I happened upon this Wash Post article plugged on the great Arts & Letters site. At first I thought it's reference to "new elites" was a more journalistic argument supporting my claims about a new kind of authoritative source in the convergence of new media/old media news-making. Actually, it's about a sociologically observable new class of social and political elites in the U.S. and how the Tea Party at least have that right. That old chestnut? "Ordinary" Americans have for quite a long time been complaining about the bankers and fat cats, usually in a couple of metropoles and areas on the East Coast, usually whipped up by some populist orator and with common doses of bigotry in addition. One of my friends who grew up in rural Utah (yes, coastals, go ahead and prove the point of the article: "that's like saying "rural Kansas or Nebraska"--redundant!) tells of a sign on the main highway. In one direction, Los Angeles and the number of miles to it; in the other, New York and "not far enough!"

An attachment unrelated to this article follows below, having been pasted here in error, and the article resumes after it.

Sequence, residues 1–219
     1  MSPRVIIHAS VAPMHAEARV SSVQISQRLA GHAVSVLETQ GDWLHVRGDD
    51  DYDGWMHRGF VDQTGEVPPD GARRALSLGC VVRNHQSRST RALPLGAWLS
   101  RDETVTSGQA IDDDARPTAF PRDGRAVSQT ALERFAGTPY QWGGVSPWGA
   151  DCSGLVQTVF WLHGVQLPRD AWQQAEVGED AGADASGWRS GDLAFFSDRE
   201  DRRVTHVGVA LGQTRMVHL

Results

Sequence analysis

So, here's what Murray has to say (I'm not saying it justifies the Tea Party, but...):
That a New Elite has emerged over the past 30 years is not really controversial. That its members differ from former elites is not controversial. What sets the tea party apart from other observers of the New Elite is its hostility, rooted in the charge that elites are isolated from mainstream America and ignorant about the lives of ordinary Americans.
On the surface, it looks as if things have changed. Compared with 50 years ago, the proportion of students coming from old-money families and exclusive prep schools has dropped. The representation of African Americans, Latinos and Asian Americans has increased. Yet the student bodies of the elite colleges are still drawn overwhelmingly from the upper middle class. According to sociologist Joseph Soares's book "The Power of Privilege: Yale and America's Elite Colleges," about four out of five students in the top tier of colleges have parents whose income, education and occupations put them in the top quarter of American families, according to Soares's measure of socioeconomic status. Only about one out of 20 such students come from the bottom half of families.
Far from spending their college years in a meritocratic melting pot, the New Elite spend school with people who are mostly just like them -- which might not be so bad, except that so many of them have been ensconced in affluent suburbs from birth and have never been outside the bubble of privilege. Few of them grew up in the small cities, towns or rural areas where more than a third of all Americans still live.
Let me propose that those allegations have merit. Read on